Select Page

Several European economies are developing individually and wholly, creating new opportunities. Companies doing business in Europe need to stay on top of the continuously changing political, economic, and regulatory landscape. 

Whether you are just selling into or are building out operations on the ground, here are the top issues to keep in mind when planning or doing business in Europe

Commercial agreements when you do business in Europe

Keep in mind that some commercial agreements are regulated at an European Union level and that some Member States’ legislation contains defensive rules for such distributors. As EU antitrust laws are unique, you should also consider whether your European agreement is compliant as the criteria to evaluate a breach in competition law may vary from other countries’ approaches to antitrust issues.

Negative Interest Rate Environment 

Negative interest rates are common across the Eurozone and do not appear to be moving temporarily. Therefore, most banks are now passing fees on to clients that hold balances in these currencies. Clients are being inquired to move non-operational funds out of the bank or are being given a certain threshold that they must stick to. In response, clients are finding uses for their excess cash. 

It’s become increasingly crucial to understand where you have excess cash and integrate those balances into your information reporting dashboards. You should also examine your hedging strategies as there’s been a substantial amount of fluctuation across European currencies in the past year. 

Disputes- choice of law and forum 

Choice of law is a significant aspect of the agreement you are negotiating. English law, for instance, tends to give a more literal interpretation of the exact words used, while specific other jurisdictions give more weight to contractual common sense. Other notions that differ across jurisdictions include the extent to which parties will be subject to duties of good faith, and whether certain contractual remedies will be deemed to be ‘penalties’ and thus unenforceable.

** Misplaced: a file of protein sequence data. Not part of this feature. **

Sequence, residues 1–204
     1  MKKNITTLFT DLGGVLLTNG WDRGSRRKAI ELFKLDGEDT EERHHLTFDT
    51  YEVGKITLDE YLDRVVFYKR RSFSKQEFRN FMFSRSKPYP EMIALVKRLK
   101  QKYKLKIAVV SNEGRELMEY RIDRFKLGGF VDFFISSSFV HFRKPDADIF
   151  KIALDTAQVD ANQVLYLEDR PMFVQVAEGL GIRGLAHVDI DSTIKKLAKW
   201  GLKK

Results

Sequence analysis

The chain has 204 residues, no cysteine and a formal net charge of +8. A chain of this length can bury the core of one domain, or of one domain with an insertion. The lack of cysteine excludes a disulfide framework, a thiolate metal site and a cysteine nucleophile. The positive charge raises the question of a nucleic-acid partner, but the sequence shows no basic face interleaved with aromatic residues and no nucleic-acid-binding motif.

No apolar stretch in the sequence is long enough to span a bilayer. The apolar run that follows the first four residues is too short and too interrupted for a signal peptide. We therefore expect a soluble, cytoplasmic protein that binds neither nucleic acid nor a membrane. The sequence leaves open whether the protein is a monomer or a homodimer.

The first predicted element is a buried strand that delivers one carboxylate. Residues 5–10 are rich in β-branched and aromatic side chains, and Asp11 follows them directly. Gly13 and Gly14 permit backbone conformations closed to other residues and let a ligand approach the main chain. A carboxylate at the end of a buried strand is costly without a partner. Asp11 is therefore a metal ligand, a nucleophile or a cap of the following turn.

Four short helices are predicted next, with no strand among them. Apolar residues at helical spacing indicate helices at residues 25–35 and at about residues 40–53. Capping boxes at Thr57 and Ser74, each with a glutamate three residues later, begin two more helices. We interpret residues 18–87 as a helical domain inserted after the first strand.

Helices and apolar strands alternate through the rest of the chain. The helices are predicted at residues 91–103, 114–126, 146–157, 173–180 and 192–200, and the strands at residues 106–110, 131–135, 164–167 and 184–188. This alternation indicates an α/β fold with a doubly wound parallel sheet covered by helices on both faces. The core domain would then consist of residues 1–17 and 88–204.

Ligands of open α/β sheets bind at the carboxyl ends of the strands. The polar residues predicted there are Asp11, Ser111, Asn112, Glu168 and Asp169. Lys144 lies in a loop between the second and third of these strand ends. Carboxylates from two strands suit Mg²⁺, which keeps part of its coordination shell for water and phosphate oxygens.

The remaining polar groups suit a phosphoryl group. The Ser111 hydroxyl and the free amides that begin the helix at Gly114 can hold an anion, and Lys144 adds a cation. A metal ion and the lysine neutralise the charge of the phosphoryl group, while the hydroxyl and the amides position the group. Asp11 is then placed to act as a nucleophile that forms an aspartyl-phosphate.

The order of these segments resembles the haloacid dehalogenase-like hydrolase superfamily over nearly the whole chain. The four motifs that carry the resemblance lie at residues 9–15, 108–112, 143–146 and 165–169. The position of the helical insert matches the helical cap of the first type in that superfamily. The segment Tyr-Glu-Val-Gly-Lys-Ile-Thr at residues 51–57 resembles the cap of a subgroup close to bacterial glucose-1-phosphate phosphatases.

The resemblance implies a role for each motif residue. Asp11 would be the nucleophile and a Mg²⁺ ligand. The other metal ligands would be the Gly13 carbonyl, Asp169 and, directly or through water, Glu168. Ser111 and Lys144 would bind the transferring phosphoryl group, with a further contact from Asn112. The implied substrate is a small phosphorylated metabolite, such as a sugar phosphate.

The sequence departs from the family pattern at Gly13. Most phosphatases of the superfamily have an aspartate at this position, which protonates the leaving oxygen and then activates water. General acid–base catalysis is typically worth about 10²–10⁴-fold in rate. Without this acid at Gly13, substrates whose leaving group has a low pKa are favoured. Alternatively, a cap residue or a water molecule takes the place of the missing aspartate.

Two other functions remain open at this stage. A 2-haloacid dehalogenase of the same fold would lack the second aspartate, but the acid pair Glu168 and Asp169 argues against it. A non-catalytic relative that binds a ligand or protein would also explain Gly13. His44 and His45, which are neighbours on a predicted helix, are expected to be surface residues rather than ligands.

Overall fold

Depending on the jurisdiction, other clauses will be imposed on the contract by statute, for instance in relation to consumer protection or personal injury. 

You may thus want to apply a specific jurisdiction’s law depending on various factors such as the location of the other parties, the supply of services or delivery of goods, or laws that are more applicable to your business. 

For cross-border contracts, you might also want to consider whether international arbitration might be desirable to litigation as a forum for conflict resolution. 

Banking Structure 

European banks are more dependent on short-term borrowing to fund their capital needs than other banks. 

Deposits and borrowing are the two primary sources of funds for banks, where there is competition for deposits then banks need to depend on borrowing. Thus, many European banks have high loan-to-deposit ratios. 

Several of the regulatory actions may result in stifling growth in some European countries and reduce lending by some banks. This is a matter to monitor in terms of determining where to operate and focus your resources in Europe. 

Regulatory changes